The majority of the paintings are currently held in private collections of Lloyd’s descendants and other owners. Your options are really unlimited. For a preview of available works, please visit the “Paintings” section of this website.
A small representative sample of some of the better exhibit favorites follows, but of course as mentioned above, there are many more great works that are available. Please note that the printed images in this document do not adequately portray the quality of the color and impasto style used by John L. Lloyd. Please refer to the website for a better preview, or contact me to discuss a personal previewing meeting.
Sample of Lloyd’s Exhibit Favorites
A prized winter scene from The Butler Museum of American Art’s private collection is available (shown at right).
Also available for exhibition are five highly prized Lloyd pictures of the steel mills in Youngstown, Ohio, and surrounding area. As a result of his mastery of color, Lloyd’s mill pictures are always exhibit favorites. His fiery whites, yellows and oranges and rich colorful blast-furnace reds in these paintings are outstanding! One painting, “The Mills of Youngstown,” while being exhibited in 1924 in Philadelphia, attracted much attention and received some unusually fine comments in an article in the New York Art News.
Of significant importance is Lloyd’s extraordinary “command of color and composition.” His landscape “Twin Willows,” painted in 1922 at Chester Springs, (shown at right) was pronounced by competent critics as “perfect in composition.” This is obviously one of the paintings that you would want to consider if you choose to exhibit.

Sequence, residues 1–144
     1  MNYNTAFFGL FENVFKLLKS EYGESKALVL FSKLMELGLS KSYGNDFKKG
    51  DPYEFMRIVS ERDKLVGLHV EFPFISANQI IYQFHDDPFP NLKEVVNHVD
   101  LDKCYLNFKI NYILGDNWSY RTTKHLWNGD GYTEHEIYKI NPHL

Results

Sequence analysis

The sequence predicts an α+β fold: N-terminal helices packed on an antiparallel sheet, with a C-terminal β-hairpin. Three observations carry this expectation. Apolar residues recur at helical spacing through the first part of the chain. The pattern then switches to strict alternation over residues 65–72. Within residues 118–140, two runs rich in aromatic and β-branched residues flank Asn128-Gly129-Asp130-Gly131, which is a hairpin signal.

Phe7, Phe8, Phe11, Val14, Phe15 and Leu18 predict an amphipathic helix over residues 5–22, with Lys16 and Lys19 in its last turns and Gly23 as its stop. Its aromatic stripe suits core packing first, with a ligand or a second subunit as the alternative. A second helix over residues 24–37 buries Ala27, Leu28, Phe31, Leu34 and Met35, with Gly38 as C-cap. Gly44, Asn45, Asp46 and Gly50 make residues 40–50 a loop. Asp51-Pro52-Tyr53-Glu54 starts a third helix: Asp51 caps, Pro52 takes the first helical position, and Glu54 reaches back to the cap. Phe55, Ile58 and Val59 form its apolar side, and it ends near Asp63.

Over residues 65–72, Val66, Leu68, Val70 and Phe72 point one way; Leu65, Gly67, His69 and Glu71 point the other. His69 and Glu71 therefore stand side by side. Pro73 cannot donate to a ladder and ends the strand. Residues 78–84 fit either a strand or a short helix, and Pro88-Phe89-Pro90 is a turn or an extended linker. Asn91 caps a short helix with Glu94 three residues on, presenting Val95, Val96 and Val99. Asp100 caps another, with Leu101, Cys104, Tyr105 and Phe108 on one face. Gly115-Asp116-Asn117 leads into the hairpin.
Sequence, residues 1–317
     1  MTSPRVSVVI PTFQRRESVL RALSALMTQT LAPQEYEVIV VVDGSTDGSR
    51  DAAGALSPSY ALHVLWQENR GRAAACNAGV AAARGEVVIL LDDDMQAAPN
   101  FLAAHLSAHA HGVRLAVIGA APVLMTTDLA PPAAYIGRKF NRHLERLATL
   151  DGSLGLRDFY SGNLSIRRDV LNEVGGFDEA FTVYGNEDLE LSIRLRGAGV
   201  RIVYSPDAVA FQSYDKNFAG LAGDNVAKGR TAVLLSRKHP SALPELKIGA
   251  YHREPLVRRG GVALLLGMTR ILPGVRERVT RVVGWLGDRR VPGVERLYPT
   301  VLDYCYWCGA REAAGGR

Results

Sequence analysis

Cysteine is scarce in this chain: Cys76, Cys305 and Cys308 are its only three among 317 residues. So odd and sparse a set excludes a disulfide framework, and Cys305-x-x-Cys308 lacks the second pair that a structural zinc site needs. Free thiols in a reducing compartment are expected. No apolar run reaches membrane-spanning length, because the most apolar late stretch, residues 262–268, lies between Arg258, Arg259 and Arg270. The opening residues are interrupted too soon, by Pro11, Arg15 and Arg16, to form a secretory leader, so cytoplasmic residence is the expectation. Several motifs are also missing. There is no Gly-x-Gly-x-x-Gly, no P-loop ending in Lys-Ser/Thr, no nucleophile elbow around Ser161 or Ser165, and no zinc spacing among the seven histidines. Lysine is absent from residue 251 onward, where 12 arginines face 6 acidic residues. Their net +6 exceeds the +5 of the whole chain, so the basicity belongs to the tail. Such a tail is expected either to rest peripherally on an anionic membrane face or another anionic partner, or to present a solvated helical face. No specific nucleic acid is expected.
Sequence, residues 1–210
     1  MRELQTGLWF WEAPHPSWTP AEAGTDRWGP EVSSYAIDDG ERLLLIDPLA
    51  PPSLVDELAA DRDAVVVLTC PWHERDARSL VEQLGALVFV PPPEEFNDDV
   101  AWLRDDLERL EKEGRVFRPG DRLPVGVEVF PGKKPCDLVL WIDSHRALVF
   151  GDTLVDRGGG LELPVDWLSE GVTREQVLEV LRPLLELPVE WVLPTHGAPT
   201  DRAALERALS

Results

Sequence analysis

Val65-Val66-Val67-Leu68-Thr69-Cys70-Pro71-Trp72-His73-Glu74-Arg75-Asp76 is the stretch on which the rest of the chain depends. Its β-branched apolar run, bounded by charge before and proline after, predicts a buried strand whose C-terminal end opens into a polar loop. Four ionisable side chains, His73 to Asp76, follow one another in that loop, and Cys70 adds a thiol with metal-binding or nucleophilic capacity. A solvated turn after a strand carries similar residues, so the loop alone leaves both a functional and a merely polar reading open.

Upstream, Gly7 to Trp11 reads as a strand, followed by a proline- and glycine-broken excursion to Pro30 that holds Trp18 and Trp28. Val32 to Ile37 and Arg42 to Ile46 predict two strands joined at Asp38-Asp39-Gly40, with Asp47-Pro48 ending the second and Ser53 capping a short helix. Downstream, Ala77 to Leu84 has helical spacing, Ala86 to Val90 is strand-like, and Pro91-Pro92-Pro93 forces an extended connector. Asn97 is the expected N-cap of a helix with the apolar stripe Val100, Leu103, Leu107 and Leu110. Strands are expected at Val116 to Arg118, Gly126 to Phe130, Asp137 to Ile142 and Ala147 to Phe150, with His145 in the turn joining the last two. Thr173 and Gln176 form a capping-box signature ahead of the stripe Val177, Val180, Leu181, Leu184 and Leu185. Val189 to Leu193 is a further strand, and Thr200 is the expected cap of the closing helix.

“Twin Willows,” above, and the painting partially shown below, along with #8097 and #8180 shown on this website, are also exhibit favorites. This group of four paintings, all 30″ x 36″, depict Lloyd’s extraordinary talent and were all painted in 1922 when Lloyd was enrolled at the Pennsylvania Academy of Fine Arts summer school in Chester Springs, PA, and very much immersed in “plein air” paintings.
Lloyd, 38 years old at the time, was by then an accomplished artist in his own right; therefore he was not so much a student when traveling, but more of a contemporary to many other prominent painters such as Philadelphia’s Daniel Garber.
Also of major importance is Lloyd’s mastery of the “impasto” style of painting. He was one of the best! Placing your mouse to magnify a section of the painting above tries to capture an example of this.
Yet, another formidable selection that always commands attention is a 16″ x 20″ oil on canvas, inner-city piece painted in 1951 depicting city people braving high winds, rain, and half-flooded streets as they come and go to the corner drug store.
Knowledgeable critics compare Lloyd’s style in this painting with that of Clyde Singer. Singer was the curator at The Butler during the mid-1900’s and is acclaimed at both national and international levels as one of America’s premier artists.
Clyde was a close friend of Lloyd’s and often wrote articles in the Youngstown Vindicator praising Lloyd’s work. Many collectors have offered to purchase this extraordinary painting, but at this time it is only available for exhibit.
For exhibit requests, please contact John Boop at:
Tel: (330) 372-5731, or